Current position of the SSV Corwith Cramer. Click on the vessel to view position history. Use the tools, top right, to change the map style or view data layers.
SEA Currents: SSV Corwith Cramer
Am I a salty sailor yet?
39°29.2’N x 072°18.3’W
Description of location
Hudson Canyon; 100nm from NY, 80nm from Jersey Shore
Weather / Wind / Sail Plan
clear tonight, but lots of fog recently
Marine Mammals Observed last 24hrs
Dolphins! Whale spouts! Sea turtles! (Yeah, I KNOW they’re not mammals.)
Sargassum Observed last 24hrs
None. But some fragments of another type of seaweed! Also lots of plastic.
Hello again, beloved landlubbers!
Several people have spoke already of the last phase of our time at sea, as we take on the roles of Junior Watch/Lab Officers (JWO/JLO)! I was the JWO for my evening watch last night, and never have I finished a watch so exhausted! Don’t be fooled by the relaxed attitudes of the mates, making it look so darn easy this whole time – commanding a ship is HARD work. There are a million things to remember and plan for and schedule and delegate, and a million corresponding ways to screw up. During my brief stint as Head Honcho, we were boxed in by fog and the wind was so light and variable that the ship refused to move in any kind of expected manner, and there was a waypoint I was supposed to lead us to and we were drifting inexorably away from it... Honestly, I was so relieved to turn over to the next watch (they promptly turned on the engine to get to the waypoint – why didn’t I think of that??) that it wasn’t until many hours later that I processed some of the more awesome, less stressful parts of the night. For example, the way my fellow watchmates stepped up to help out, and the patience of our incredible mate, Allison, and even the thrill and pride in running the deck for the first time. All in all, I returned to my watch today with a greater appreciation for the beautiful simplicity of being a deckhand again, as well as a profound respect for all the highly skilled crew aboard the Cramer, who are truly inspiring.
Every afternoon, we have class on the quarterdeck. The MC’s for the day often get us pumped up with a game of sorts: today Anthony and Kata led each pair of watch officers in a battle of Thumb Wars. The results: Allison and Matt were well matched with ferocity (it ended in a brutal tie); Ashley crushed Laura, quite literally, by resorting to dirty tricks and getting her in a head lock; Cassie made a show of stretching her thumbs, and then was easily beaten by Brittany. Well played all around. (Notably, the Captain refused to go up against our Chief Scientist – is he hiding abnormally short thumbs? I’ll report back.) Students from morning and dawn watches prepare reports every day to update us on science, navigation, and weather. These range from informational to downright goofy, often with a happy mix of the two, including lots of song references and entertaining diagrams. Today we learned about the different types of fog (very appropriate, given the last few days), how to navigate using depth contours on a chart, and about some of the crazy cool creatures we caught recently in our science net tows. For the rest of class, the mates taught us arts and crafts for sailors – how to “whip” a line to keep it from fraying by wrapping it with string, how to splice lines together, and how to tie our own Turk’s Heads (very legit bracelets). I feel much more brackish now, with such skills in my repertoire.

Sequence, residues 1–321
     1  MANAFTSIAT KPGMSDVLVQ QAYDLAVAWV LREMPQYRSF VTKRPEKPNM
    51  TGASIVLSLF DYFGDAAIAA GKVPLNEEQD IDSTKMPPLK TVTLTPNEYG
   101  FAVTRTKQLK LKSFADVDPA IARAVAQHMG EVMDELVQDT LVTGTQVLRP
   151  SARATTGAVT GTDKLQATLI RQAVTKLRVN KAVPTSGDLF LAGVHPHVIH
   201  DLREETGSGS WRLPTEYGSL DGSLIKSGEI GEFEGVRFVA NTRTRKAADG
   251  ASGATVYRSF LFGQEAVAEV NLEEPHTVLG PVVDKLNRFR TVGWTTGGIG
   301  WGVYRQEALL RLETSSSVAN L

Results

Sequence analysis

In other news: we are past the Gulf Stream and officially out of the Sargasso Sea! It is partly sad – we haven’t seen Sargassum in days, to our scientists’ dismay – but also very exciting! The cooler climate of the North Atlantic means I get to pull out my sweaters and pants, and for a pale redhead from Vermont who has learned to dislike heat and sunlight of any sort, this is A+ excellent news!
We’re getting frighteningly close to shore and I am realizing that I am not ready to leave the Cramer. The past month has been nothing but incredible. Even while seasick and sleep deprived, even with failed PCR reactions in lab and with project deadlines looming ever closer, this has still been one of the best experiences of my life. I’m not sure if I’ll ever be able to adequately explain this trip and what it meant; not sure if I’ll be able to describe how it feels to sit aloft and see how tiny we are in the middle of a vast ocean, or the deep, deep blue of the Sargasso water, or the incredible closeness that comes from sharing every hour of the day with a group of people, battling squalls and watching sunsets and furling sails. I guess I’m just trying to say that I feel so lucky – so incredibly, unbelievably, extraordinarily fortunate – to have spent these five weeks in this place with these people. I never want to leave the sea, but at least we get to spend another month together back on shore before the program ends.
Next stop: New York!
P.S. From Margaret: Congratulations to Fallon on her graduation day! From me: congratulations to all my friends graduating so soon, and much love to everyone I miss!